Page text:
While Romney and Gingrich offered their own take on solving America’s economic problem, Paul once again separated himself from the establishment by saying that more and more of America’s issues could be addressed by just ending its ongoing wars.“I'd like to see the troops spending their money here at home and not going over there,” said the congressman.
Paul also noted that perhaps the biggest war of all right now is the war right here at home.
Although President Obama gave himself the power only one month ago to detain American citizens indefinitely without trial, his only mainstream opposition has come by way of Paul. Other candidates have supported the National Defense Authorization Act for Fiscal Year 2012 during past debates and otherwise the bill has gone untouched by the media, whether or not it involves the GOP candidates. From Nevada Tuesday night, Paul once more made it a point to address the NDAA.
“The purpose of all governments should be the protection of individual liberty for each and every one of us!” said Paul. “We need to reverse the trend of the attack on our civil liberties, we need to repeal the Patriot Act . . . We need to reverse the trend of the attack on our civil liberties, we need to repeal the Patriot Act . . . We need to repeal the provision that says the president can use the military to arrest any American citizen and deny them a trial!”
When the congressman touched on each one of those infringements of civil liberties, his audience responded with audible jeering. Paul thinks support for America could once again return to this country by enforcing just one thing — and that’s what America’s founders had in mind as well.
“Very simply, the answer is, send only people to Washington, send only people to the White House, send only people who know and understand and read the Constitution, and enforce the Constitution!” said Paul. “Then there would be, then we would have the full understanding, how you have a peaceful, thriving nation as you enforce the concept of liberty.”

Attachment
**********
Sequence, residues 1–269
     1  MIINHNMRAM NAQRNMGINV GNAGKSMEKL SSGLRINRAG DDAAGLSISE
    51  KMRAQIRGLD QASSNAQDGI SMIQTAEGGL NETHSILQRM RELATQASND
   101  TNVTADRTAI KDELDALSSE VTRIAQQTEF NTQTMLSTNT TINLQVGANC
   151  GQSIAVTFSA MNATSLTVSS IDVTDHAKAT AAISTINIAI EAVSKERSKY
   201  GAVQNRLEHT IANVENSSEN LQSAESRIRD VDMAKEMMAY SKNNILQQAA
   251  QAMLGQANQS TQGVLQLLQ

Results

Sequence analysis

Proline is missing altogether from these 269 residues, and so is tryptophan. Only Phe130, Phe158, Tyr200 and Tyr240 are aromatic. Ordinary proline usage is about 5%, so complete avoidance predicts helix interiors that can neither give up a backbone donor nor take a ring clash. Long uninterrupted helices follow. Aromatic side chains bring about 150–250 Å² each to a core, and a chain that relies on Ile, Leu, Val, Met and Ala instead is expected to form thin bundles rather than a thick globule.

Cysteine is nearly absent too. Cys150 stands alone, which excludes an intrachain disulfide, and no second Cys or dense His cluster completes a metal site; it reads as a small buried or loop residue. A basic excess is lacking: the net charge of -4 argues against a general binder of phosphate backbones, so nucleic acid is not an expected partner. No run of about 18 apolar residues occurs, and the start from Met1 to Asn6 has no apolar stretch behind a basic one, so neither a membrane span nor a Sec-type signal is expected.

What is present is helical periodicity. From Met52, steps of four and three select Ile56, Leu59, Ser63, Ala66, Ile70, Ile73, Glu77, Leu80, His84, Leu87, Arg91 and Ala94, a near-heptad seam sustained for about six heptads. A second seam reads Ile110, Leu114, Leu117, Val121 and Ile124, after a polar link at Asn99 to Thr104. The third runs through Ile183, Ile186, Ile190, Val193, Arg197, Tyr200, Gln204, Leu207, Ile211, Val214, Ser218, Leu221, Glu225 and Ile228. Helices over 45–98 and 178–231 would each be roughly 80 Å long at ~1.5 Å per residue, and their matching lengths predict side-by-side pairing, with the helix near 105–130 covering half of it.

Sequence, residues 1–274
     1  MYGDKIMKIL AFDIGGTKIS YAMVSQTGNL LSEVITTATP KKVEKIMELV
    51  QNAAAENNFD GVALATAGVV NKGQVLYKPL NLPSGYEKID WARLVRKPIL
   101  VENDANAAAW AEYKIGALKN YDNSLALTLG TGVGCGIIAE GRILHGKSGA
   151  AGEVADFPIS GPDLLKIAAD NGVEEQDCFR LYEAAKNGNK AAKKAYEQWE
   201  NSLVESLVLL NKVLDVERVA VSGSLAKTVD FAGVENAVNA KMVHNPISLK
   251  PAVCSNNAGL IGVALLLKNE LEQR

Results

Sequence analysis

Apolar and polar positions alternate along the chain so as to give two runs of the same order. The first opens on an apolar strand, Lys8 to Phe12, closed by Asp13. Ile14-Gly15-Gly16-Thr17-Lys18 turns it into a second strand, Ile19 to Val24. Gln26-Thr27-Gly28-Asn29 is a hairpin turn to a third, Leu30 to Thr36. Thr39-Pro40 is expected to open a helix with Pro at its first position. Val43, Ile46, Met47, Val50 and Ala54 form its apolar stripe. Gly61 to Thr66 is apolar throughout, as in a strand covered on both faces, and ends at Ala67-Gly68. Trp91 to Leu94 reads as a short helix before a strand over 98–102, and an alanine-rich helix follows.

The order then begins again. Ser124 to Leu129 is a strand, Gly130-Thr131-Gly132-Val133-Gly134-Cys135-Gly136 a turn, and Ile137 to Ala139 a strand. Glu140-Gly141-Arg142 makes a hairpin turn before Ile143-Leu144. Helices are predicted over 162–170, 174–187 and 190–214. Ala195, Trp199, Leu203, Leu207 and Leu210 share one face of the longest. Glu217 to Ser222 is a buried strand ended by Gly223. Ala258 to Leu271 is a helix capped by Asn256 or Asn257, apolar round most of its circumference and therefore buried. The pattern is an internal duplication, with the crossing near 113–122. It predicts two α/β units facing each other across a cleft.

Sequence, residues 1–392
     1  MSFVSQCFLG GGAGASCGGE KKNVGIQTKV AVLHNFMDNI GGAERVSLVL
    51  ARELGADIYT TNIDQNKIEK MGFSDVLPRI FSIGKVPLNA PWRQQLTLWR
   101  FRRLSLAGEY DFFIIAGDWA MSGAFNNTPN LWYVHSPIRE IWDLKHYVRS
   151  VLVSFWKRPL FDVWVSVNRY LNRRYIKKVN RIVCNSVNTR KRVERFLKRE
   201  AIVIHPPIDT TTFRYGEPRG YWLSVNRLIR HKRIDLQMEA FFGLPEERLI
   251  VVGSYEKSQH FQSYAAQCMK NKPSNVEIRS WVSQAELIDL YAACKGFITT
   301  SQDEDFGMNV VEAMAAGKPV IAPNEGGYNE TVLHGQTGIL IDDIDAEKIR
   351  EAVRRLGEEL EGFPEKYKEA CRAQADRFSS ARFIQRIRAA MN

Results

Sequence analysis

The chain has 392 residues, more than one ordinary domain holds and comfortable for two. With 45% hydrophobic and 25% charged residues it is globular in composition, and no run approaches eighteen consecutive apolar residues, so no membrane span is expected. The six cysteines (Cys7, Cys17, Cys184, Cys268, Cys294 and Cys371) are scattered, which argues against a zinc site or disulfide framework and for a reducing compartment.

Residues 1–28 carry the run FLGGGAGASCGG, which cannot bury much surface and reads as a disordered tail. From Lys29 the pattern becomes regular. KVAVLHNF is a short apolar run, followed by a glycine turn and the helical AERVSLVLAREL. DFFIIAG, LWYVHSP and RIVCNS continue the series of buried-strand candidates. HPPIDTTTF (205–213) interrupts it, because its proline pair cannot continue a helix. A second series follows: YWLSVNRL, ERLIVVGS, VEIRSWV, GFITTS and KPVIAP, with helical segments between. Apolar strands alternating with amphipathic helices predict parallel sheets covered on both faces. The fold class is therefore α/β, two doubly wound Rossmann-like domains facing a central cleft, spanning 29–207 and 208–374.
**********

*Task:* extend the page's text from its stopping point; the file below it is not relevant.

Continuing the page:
“Enforce the liberty for each and every one of us, equally. This brings people together because people will use their liberty in different matters, but we don't have to fight over how they use their liberty as long as they assume responsibility for themselves and the consequences of their actions!”
Congressman Paul insisted, “we don't have to reinvent something.” He told his audience, “We can improve on our past, but we had a great past. We had a great Constitution, we had a great middle class, the richest and the biggest middle class ever, and we've undermined it with excessive spending, excessive taxation, a monetary system that is flawed and a foreign policy that is flawed.”
Fixing all of that, said the congressman, is as simple as following the rules. “All we have to do is return to our roots, and in this short time, we could have our peace and our prosperity, and our reliance on ourselves with our personal liberty,” said Paul.
Both Paul and Santorum spoke Tuesday night from Nevada. It is there that the next major event of the election cycle, the Nevada caucus, will occur on February 4.